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Don't kill your pet by doing this at Christmas

Don't kill your pet by doing this at Christmas

Published at 11:01am 20th December 2017. (Updated at 3:19pm 20th December 2017)

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Vet Hospital

Christmas can be a hectic time, but your pets can be at risk. The Vet Hospital in Harrogate has got the list of things to look out for. 

Make sure your Christmas tree is safe. 

We all know it can be funny watching cats and kittens climbing up Christmas tree, but glass baubles and sharp decorations can make it dangerous, particularly if the tree falls over. It's a good idea to make sure your tree is secure or tied to something so it can't fall over, or your cat is kept away from the tree if it's particularly interested in it.

Needless to say though, we thought it would be a great idea for you watch some cats verses Christmas trees...

Cat with Christmas tree

Watch what they're eating. 

Cats and dogs can both be poisoned by lots of different items. Pay close attention to this list and keep them away from pets:

  1. Chocolate - of which there is lots of at Christmas. You can even get special pet advent calenders!
  2. Currants, raisins and sultanas - this includes Christmas cake and pudding!
  3. Lilies - popular Christmas plants including Amaryllis are in the lily family.
  4. Sweeteners - found in products such as chewing gum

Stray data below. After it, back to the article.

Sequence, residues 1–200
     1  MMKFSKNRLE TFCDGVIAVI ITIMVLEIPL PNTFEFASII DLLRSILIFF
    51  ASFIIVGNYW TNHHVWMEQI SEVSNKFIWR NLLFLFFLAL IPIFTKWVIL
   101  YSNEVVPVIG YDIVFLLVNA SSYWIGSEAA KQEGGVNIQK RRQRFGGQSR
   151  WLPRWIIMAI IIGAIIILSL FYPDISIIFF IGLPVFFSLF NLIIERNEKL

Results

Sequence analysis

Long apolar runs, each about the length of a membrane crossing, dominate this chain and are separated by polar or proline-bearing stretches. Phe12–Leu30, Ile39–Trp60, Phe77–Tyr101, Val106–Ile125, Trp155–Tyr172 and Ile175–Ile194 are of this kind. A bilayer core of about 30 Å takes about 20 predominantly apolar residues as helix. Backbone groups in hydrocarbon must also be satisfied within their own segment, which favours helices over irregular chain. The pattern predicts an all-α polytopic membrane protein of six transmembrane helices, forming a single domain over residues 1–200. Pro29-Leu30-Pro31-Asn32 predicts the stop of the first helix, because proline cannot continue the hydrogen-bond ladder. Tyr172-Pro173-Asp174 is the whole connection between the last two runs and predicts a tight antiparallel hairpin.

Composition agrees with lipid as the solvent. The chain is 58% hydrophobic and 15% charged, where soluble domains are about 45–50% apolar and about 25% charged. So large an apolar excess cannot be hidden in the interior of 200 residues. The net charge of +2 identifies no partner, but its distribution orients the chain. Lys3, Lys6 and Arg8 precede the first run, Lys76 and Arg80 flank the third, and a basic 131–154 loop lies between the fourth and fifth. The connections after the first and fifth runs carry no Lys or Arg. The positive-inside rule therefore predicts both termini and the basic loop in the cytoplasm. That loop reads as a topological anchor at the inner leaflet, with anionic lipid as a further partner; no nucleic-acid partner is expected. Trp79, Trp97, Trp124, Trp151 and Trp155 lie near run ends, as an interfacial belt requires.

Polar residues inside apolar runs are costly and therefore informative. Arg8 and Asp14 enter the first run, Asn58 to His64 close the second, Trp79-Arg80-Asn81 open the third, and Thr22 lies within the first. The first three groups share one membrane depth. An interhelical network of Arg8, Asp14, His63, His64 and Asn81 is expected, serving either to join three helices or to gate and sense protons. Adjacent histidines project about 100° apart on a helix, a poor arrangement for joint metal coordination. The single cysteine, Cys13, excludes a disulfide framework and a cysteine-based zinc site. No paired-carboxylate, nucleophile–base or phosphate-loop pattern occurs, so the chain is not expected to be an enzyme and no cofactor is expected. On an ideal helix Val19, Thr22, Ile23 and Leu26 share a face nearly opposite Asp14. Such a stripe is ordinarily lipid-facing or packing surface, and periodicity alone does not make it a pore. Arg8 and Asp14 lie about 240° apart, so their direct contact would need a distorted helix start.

5. Batteries - Got the spares in for those new children's toys?
  6. Washing machine tablets - where there are people, there's washing. 
  7. Pain relief tablets - boxing day headaches could be a bigger headache for pets.
  8. Poisonous mushrooms - be careful on that festive stroll. 
  9. Cooked bones - Turkey, chicken, lamb, beef and pork bones that are cooked can easily splinter and perforate your dog's stomach, they are dangerous and should never be fed to a dog.
  10. Mistletoe - Causes stomach problems, and may cause skin irritations.

Dog with Christmas hat on

Give them space. 

Most dogs love some attention, but when you have crowds in the house it's important to make sure your pet has access to their own quiet space where they can take a break. Keep their bed in the usual place, allow them to be able to move in and out of different rooms where there are less people, and if they need to be alone that's alright. 

Cat having a nap on a bed

What chew doing!

Pets love to explore, and a world of wrapping paper, ribbons and packaging may seem like a great opportunity for a rummage, but if your animal accidentally swallows something it shouldn't it can lead to a very horrible Christmas indeed. Removing an item from your pets stomach can cost over well over £1000, or worse could be fatal. Best stick to pet chews instead. Or it could be a great reason to get the kids to pick all the rubbish up!

Puppy chewing

Dogs (and cats) are for life. 

They're incredible to have, but owning a pet is costly, takes a lot of time, and requires a great deal of thought. We'd never say get one if you are able to look after it, but do be careful about getting new animals for Christmas. It's a busy time of year to bring a baby animal into your home which can be scary and intimidating for them. Make sure you're able to commit and perhaps leave it until January if you're going to be busy at Christmas. 

New puppy with child on sofa

Hear what Dr Bob Partridge from The Vet Hospital had to say about pet problems this Christmas on Stray FM's Family Show:

More family stories from Harrogate, Craven and Wharfedale.